Britain's rarest spider moves to new home
The ladybird spider lives underground, creating silk webs decorated with the remains of devoured insects.
Thu, Aug 11, 2011 at 5:57 AM
The UK's rarest spider is moving house today — in a plastic bottle supplied by conservation group the RSPB.
The ladybird spider, so called for its bright red body covered in black spots, was on the brink of extinction in the mid-1990s when a single colony of just 56 individuals was left in the UK.
Since then conservationists have been helping it to spread further afield — and yesterday it was released into one of the most diverse insect and spider habitats in the country at the RSPB's Arne reserve in Dorset, the organisation announced.
Scientists have come up with an ingenious low-tech method of transferring the spiders. They are using empty plastic mineral water bottles which are an ideal shape and size for the spiders to make their nests in.
The bottles were filled with heather and moss and then captured spiders from the donor site were placed inside and monitored while they settled in and made a web. The bottles will be buried in holes in the ground at Arne so that the spiders can colonize the nearby area.
The spiders will be another piece of the invertebrate jigsaw for the Arne reserve which is already home to a host of rare insect and spider species. The heathland site boasts 240 species of spider and hundreds of insect species including the threatened silver studded blue butterfly, the Purbeck mason wasp which is only found in Dorset and the Roesel's bush cricket which was discovered on the site last year.
Toby Branston, RSPB Arne warden, said: "Arne is an amazing place for bugs and this is the best time of year to see and hear them. To be introducing such a rare new species here is very exciting, and I hope we can help it to spread further.
"The most striking thing about the ladybird spider is the unique colourful markings on the male which give it its name, but it also leads a fascinating lifestyle. They spend most of their time underground where they create silk canopies which they decorate with the remains of beetles, ants and other spiders they have eaten.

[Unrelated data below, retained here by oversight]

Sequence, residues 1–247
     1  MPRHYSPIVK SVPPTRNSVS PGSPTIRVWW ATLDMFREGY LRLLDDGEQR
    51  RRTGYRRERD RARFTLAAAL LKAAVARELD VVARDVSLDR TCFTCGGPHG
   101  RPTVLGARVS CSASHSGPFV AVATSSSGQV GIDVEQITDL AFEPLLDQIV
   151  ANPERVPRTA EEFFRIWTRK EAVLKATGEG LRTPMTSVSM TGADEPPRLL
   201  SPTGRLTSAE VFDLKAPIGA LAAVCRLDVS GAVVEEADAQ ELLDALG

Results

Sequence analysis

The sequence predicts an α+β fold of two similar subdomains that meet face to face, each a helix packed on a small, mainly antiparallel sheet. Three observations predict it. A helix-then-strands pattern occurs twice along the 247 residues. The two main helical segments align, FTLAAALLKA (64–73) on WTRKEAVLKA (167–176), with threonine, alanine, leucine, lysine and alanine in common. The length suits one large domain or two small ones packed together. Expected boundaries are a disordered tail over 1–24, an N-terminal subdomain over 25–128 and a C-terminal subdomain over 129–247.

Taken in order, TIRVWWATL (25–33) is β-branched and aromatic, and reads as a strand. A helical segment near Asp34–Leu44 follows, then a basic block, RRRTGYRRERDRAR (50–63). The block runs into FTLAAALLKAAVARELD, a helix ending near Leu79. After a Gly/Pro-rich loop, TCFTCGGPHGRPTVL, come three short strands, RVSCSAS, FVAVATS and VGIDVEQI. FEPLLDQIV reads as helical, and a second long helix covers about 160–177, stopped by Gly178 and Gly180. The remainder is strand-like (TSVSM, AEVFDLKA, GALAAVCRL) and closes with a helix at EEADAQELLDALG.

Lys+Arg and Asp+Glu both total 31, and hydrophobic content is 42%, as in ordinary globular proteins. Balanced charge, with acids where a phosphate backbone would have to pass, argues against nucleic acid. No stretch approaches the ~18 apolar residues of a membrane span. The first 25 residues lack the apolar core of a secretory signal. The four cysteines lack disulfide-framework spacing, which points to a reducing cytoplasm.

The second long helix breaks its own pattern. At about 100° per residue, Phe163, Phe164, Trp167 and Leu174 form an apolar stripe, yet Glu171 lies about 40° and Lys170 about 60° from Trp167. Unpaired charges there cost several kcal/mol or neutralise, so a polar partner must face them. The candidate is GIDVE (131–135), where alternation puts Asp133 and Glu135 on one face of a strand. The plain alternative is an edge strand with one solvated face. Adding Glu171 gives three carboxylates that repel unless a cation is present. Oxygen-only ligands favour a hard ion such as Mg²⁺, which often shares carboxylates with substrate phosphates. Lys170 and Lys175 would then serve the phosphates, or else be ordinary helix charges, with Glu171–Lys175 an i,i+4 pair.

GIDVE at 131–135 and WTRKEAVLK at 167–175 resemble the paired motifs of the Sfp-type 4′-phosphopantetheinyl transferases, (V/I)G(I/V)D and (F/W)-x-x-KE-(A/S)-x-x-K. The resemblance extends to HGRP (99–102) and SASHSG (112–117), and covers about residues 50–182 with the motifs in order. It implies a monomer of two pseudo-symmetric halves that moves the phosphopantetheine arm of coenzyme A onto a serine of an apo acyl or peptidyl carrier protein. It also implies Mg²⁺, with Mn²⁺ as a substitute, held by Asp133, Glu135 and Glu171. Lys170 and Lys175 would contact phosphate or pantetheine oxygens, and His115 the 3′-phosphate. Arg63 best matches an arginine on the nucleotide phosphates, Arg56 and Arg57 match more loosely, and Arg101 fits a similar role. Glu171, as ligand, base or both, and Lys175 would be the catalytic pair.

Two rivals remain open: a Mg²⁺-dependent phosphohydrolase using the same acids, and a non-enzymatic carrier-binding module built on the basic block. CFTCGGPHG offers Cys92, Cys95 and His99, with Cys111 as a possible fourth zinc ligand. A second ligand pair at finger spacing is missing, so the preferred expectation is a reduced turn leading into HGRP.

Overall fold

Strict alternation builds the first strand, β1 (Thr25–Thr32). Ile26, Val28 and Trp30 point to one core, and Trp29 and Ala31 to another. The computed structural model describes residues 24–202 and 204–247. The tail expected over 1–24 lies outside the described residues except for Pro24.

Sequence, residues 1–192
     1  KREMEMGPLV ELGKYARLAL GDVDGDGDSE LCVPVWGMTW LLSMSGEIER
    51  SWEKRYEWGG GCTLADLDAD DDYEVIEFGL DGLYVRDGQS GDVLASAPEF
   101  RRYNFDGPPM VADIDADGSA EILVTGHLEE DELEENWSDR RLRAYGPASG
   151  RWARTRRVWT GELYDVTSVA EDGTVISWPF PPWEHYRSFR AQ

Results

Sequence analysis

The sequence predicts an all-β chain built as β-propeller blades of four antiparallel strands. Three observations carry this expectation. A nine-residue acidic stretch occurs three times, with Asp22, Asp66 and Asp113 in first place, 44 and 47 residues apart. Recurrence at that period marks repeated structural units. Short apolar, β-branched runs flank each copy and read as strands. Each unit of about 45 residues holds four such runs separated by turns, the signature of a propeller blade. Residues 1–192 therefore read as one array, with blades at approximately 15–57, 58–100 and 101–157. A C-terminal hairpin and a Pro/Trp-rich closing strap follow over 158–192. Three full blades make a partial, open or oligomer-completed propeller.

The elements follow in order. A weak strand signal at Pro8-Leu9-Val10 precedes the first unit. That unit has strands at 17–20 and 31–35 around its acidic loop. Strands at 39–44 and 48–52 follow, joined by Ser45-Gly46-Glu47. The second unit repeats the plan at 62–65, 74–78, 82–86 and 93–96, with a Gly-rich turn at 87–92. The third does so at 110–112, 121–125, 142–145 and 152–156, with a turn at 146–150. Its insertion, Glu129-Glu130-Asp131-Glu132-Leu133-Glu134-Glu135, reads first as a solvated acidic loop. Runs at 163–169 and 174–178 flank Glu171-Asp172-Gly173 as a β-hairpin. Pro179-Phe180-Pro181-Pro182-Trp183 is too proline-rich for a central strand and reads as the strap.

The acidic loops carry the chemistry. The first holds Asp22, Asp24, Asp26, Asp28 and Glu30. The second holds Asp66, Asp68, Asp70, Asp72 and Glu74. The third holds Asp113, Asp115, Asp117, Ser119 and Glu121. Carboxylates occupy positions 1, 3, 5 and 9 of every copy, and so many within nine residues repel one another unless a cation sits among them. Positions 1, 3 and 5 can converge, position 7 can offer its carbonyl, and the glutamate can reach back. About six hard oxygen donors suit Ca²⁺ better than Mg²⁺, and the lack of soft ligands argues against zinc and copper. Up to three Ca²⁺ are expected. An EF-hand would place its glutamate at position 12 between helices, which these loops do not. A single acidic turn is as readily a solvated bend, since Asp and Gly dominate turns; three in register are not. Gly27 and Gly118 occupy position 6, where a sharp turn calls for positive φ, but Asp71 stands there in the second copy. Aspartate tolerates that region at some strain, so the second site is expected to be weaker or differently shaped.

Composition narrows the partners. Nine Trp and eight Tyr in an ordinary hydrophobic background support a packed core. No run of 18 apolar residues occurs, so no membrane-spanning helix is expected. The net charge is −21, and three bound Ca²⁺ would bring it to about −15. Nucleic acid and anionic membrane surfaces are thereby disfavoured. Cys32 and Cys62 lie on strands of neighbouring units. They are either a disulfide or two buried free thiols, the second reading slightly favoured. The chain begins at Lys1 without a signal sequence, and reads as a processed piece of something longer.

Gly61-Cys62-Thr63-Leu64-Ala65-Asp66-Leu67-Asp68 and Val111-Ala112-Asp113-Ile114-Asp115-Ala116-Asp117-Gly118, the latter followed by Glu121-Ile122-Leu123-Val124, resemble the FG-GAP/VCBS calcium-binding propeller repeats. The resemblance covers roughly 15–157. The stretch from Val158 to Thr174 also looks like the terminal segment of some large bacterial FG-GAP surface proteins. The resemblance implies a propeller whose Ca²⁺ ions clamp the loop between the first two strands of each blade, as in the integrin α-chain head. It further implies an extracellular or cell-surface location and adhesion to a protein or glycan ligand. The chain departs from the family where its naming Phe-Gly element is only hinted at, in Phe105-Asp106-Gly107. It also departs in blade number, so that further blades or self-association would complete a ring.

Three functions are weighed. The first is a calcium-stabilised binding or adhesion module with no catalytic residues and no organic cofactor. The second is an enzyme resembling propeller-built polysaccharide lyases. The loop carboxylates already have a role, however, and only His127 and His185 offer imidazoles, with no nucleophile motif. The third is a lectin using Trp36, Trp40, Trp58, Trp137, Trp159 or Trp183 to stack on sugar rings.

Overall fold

"Burying plastic bottles in the heathland may seem a little strange to some of our visitors, but the experts have found that this is the best way to translocate the spiders. This is an ideal habitat for them so we will be keeping a close eye on the new colony and carrying out regular surveys to see if they take to their new home."
For many years scientists believed that ladybird spiders were extinct from the UK but a colony was discovered clinging on in the 1980s. It is a heathland specialist and has suffered over the years from the destruction of much of Britain's wildlife-rich heathland habitat.
More than 90 percent of lowland heathland has been lost to agriculture, commercial forestry and development, putting major pressure on the species that rely on it, the RSPB says.
As well as insects and spiders, heathland is also home to endangered reptiles such as smooth snakes and sand lizards, and birds such as the Dartford warbler and the nightjar, the organization added.
Copyright 2011 AFP Global Edition
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